Stephen graduates from this environment stronger in his conception of his personal values and with a greater determination to be himself rather than ZKDWRWKHUVZDQWKLPWREH7KHFOLPD[RI6WHSKHQVH[LVWHQWLDODQJXLVKLVWKHPRPHQWZKHQKHKDV to face the recto r and make a statement on whether or not he will accept to enter the order and serve the lord. His rejection is tantamount to disowning the religious values on which even his own very ideas will be founded. No

amount of preaching or exposition on the punis hment of sin will take Stephen out of his views of Irish society and self development. This refusal is compounded the more with his vision of what artistic beauty and love should be. Stephen is very anguished but also excited by his vision of this beautifu l woman. This confirms his dream of becoming the artist that he has so desired to be. At the sight of the woman, he is overwhelmed and feels justified in what he really wants to become. And at this moment, the echoes of his name resound far into the depths of his conscience, and his dreamy

onward movement is simply not an expression of physical flight but the exhilaration of the feeling of success. The vision of the beautiful young woman confirms his
Page 13
International Journal of English Language and Literature Studies , 2014 ): 142 154 154 determination to follow his conscience and persist in hi s refusal to serve the course for which his friends and mentors think he is fit for. The ornamental picture of the girl tears his mind apart, solidifies his wild hopes for extreme freedom of thought and clears the way for the enunciation of his own philoso phy of life and

his systems of thought, reason why Stephen has been described as DILJXUHRIJUHDWLQWHUQDOFRPSOH[LW\ Wilde, 1989 Stephen does not succeed in making any strong statement on the philosophies he is trying to dislodge, but succeeds however in refuting in the most strong terms the necessity of disregarding VRPH&KULVWLDQGRFWULQHVDQGGHQ\LQJKLVFRXQWU\DQGIDPLO\6WHSKHQVUHDFWLRQWRIDPLO\IULHQGV and state is the direct result of his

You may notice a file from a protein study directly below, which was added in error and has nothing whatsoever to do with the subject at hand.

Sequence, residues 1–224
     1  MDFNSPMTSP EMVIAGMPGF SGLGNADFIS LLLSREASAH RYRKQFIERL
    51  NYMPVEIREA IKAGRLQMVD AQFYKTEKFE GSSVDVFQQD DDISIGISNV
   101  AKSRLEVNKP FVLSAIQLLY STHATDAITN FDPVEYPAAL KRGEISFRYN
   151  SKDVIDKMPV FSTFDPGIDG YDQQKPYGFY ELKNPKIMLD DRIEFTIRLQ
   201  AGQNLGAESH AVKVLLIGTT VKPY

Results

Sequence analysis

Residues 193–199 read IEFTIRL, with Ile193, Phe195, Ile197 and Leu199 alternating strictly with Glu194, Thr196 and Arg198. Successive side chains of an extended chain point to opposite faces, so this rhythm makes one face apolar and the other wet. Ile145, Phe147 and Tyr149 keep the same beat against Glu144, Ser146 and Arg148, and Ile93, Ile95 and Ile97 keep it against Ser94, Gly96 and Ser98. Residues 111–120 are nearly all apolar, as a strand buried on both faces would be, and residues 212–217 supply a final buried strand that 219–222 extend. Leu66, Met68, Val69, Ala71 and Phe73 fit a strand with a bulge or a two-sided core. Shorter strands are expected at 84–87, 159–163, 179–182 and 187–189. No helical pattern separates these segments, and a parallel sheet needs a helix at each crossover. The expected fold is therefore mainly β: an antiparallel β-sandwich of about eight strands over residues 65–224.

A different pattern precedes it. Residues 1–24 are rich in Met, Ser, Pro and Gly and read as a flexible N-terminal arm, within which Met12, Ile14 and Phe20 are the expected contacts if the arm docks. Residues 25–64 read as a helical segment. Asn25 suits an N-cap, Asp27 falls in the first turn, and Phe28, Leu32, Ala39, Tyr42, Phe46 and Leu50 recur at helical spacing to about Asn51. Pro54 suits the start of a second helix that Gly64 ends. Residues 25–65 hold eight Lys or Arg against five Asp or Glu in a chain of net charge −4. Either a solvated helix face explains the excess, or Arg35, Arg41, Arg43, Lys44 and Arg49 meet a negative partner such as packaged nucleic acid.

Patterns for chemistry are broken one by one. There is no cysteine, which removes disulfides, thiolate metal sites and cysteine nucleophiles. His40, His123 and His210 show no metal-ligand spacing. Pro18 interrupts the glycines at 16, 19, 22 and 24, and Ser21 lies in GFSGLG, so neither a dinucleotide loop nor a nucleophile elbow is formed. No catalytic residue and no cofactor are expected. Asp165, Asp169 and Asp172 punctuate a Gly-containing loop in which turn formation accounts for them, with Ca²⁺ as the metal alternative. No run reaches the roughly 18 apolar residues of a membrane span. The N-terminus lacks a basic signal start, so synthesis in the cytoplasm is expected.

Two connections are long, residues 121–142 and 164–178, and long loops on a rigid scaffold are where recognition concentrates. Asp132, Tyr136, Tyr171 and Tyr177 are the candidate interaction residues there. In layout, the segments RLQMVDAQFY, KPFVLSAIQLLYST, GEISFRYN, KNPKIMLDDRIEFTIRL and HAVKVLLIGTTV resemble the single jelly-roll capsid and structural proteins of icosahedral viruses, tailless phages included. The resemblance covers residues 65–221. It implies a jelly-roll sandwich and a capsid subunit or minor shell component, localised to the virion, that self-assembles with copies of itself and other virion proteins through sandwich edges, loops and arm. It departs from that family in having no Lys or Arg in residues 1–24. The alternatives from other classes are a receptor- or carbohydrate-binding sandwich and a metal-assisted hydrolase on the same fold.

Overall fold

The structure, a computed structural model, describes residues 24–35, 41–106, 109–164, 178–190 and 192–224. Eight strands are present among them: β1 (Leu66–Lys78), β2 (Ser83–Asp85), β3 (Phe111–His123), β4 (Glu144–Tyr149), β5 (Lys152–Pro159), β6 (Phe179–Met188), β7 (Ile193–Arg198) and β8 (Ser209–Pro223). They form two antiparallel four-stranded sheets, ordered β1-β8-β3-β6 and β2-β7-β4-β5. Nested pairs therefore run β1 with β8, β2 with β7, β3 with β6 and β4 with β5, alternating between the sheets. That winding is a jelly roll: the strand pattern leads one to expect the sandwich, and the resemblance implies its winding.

being overwhelmed by a society that has refused to align to the realities of the time or that has even failed to recognize that there is such a reality. His polemical views of Christ and his seeming lack of patriotism are traceable to a problematic growth, a hostile political and intellectual environment and a family torn apart by acute povert y and ideological GLYLVLRQV7KLVLVVHHQPRUHFOHDUO\LQWKHUHDGLQJRI-R\FHVFULWLFDOWKHRU\DQGLWVLPSDFWRQ

6WHSKHQVFUHDWLYHDELOLW\WKDW-R\FHVFULWLFDOV\VWHPLVHVVHQWLDOO\WKHZRUNRID\RXWKVHHNLQJD liberation that would enable him to cr eate, and if this aesthetic remains incomplete, it is only because Joyce himself considered his theory as device, a means, toward the creative realization of DHVWKHWLFSHUIHFWLRQ Block, 1950 . Stephen is an amalgamation of a thoughtful implosion contextually contrived. REFERENCES Block, H.M., 1950. The critical

theory of James Joyce. The Journal of Aesthetic and Art Criticism, 8(3): 172 184. Esty, J.D., 1999. Excremental postcolonialism. Contemporary Literature, 40(1): 22 59. -DFREV--R\FHVHSLSKDQLFPRGH0DWHULDOODQJXDJHDQGWKHUHSUHVHQWDW ion of sexuality in Stephen hero and portrait.Twentieth Century Literature, 46(1): 20 33.

.HUVKQHU5%7KHDUWLVWDVWH[W'LDORJLVPDQGLQFUHPHQWDOUHSHWLWLRQLQ-R\FHVSRUWUDLW(+/ 881 894. McDonald, M.B., 1991. The strength and sorrow of young Stephen:Toward a reading of the dialectic of KDUPRQ\DQGGLVVRQDQFHLQ-R\FHVSRUWUDLW7ZHQWLHWK&HQWXU\/LWHUDWXUH 389.

21HLOO:0\WKDQGLGHQWLW\LQ-R\FHV)LFWLRQ'LVWHQWDQJOLQJWKHLPDJH7ZHQWLHWK&HQWXU\ Literature, 40(3): 379 391. 5HLG%/*QRPRQDQGRUGHULQ-R\FHVSRUWUDLW7KH6HZDQHH5HYLHZ 420. Schiralli, M., 1989. Art and the Joycean artist. Journal of Aesthetic

Education, 23(4): 37 50. Thomas, C., 1990. Stephen in process/Stephen on tria l: 7KHDQ[LHW\RISURGXFWLRQLQ-R\FHVSRUWUDLW129(/ A Forum on Fiction, 23(3): 282 302. :LOGH'$QRWHRQ6WHSKHQVVKDSHOHVV7KRXJKWVIURP6ZHGHQERUJLQDSRUWUDLWRIWKHDUWLVW-RXUQDO of Modern Literature, 16(1): 179 181.